|Instructor Info:||Angela Willey|
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This course introduces students to theories and methodologies in the interdisciplinary field of feminist science studies.Through collaborative faculty-student research projects, we will engage key conversations in the field. Specific areas of investigation include scientific cultures, science and the law, animal models, and science in the media and popular culture.While working on project-specific questions students will continuously engage larger questions such as: What kinds of knowledge count as "science?" What is objectivity? How do cultural assumptions shape scientific knowledge production in this and other historical periods? What is the relationship between "the body" and scientific data? Is feminist science possible?
1 To introduce students to feminist science studies.
2 To help students to build and improve skills in critical reading and writing.
3 To help students to build and improve skills in research.
4 To challenge students to develop new perspectives and to expand their skills of critical thinking.
5 To help students design and implement group-based projects.
6. To engage students in faculty research.
If you are struggling with course materials or are experiencing other difficulties that interfere with course work, please get in touch with one of us immediately. We can’t help you if I don’t know there’s a problem.
Final evaluations will focus on the following areas:
Books are available for purchase in the Hampshire College Bookstore. Readings that come from the books will be indicated by (T) for text. Texts (T) will also be available on reserve at the Johnson Library. Unless otherwise indicated, other course readings are available for download on the course website and/or through direct online link. Online readings will be marked by (O). The syllabus is organized chronologically. You should do the readings in advance of the class for which they are scheduled.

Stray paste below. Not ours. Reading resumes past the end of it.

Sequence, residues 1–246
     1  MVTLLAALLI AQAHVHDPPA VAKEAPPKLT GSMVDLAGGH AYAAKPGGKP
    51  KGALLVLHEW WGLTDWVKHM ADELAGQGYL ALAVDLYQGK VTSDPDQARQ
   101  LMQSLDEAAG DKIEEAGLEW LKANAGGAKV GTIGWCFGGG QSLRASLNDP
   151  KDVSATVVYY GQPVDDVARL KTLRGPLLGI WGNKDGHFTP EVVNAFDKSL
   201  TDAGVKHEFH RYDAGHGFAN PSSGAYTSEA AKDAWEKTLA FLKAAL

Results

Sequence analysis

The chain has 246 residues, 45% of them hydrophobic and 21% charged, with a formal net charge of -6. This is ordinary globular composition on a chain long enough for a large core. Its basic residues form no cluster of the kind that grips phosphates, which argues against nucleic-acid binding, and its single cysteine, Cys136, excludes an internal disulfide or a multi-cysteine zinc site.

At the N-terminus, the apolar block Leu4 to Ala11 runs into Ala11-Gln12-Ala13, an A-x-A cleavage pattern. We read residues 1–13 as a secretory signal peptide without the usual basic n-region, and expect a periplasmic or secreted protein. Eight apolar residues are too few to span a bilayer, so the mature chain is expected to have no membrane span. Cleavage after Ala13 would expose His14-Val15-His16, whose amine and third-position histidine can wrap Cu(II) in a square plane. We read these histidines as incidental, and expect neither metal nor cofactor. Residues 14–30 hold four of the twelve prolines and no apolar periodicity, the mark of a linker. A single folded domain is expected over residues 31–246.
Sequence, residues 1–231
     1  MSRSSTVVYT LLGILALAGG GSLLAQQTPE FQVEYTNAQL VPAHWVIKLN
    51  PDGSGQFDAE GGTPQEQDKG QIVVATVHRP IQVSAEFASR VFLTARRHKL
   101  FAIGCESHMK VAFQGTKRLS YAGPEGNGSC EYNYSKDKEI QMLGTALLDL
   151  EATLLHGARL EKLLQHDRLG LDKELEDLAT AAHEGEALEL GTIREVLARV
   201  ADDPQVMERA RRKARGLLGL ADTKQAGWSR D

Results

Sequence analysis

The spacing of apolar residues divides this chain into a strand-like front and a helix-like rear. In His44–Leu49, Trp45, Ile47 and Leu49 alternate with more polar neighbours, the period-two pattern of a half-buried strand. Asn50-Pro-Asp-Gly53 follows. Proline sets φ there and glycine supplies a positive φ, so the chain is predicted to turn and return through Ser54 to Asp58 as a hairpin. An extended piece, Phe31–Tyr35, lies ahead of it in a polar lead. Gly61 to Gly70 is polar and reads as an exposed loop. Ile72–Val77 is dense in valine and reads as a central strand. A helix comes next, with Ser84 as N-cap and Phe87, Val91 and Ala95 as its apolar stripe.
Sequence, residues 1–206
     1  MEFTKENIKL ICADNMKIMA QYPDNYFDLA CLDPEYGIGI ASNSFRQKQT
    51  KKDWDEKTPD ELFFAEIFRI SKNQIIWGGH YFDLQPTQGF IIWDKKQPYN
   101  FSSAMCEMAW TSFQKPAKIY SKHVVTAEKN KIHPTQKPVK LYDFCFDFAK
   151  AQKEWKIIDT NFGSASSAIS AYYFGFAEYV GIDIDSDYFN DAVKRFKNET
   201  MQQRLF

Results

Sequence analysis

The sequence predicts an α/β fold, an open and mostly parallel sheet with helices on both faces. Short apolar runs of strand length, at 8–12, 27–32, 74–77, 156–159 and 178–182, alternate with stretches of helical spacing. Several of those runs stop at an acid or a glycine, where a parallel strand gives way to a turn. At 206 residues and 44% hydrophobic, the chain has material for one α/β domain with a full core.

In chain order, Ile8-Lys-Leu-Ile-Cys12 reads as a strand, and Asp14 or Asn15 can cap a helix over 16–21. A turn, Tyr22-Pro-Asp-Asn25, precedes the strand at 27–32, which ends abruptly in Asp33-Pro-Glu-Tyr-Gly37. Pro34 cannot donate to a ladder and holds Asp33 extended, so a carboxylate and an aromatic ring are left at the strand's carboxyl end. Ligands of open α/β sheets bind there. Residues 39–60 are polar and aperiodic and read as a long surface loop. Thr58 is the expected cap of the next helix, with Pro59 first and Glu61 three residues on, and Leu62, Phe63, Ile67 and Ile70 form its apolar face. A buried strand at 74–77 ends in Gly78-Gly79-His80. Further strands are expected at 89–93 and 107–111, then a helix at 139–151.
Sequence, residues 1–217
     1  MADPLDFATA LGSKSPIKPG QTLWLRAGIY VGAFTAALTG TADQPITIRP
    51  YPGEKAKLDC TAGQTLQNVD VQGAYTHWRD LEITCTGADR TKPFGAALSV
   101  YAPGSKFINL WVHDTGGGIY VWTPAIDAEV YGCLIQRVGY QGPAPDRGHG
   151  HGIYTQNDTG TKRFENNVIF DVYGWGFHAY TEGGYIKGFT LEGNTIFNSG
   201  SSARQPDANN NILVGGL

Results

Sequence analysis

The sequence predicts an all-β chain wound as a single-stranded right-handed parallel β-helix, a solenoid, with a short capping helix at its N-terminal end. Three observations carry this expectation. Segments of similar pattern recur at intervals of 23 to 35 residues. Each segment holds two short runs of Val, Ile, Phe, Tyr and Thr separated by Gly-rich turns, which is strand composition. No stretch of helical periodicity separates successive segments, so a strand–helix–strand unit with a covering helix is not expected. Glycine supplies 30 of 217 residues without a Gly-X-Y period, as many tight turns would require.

Required texts are available for purchase in the Hampshire College Bookstore. Copies of required texts will also be made available on reserve in the Johnson Library and, if you prefer, you may make copies from reserve books. Some texts may be available electronically through e-brary. If so, the URLs are noted below and on Moodle. Please remember that others may also be using the hard copies of texts, so return them to the library promptly.
Because the course is text-based, and we will often reference the text during the class period, it is imperative that you have either the text itself or a copy of the reading with you. It is not sufficient to “read” the text online and come to class. You must have the readings and your notes. If you prefer, you may purchase the texts for e-readers like Kindle or Nook; we will look for evidence that you have read the text on your e-reader, so you must have it with you for class. Texts, like tuition, room and board, are a part of the cost of college and are not optional. If you are having trouble obtaining course texts for any reason, please speak to one of us as soon as possible in private. The following texts are required for our course:
Almeling, Rene. 2011. Sex Cells : The Medical Market for Eggs and Sperm. Berkeley: University of California Press. (T)
Jordan-Young, Rebecca M. 2010. Brain Storm: The Flaws in the Science of Sex Differences. Cambridge, Mass.: Harvard University Press. (T)
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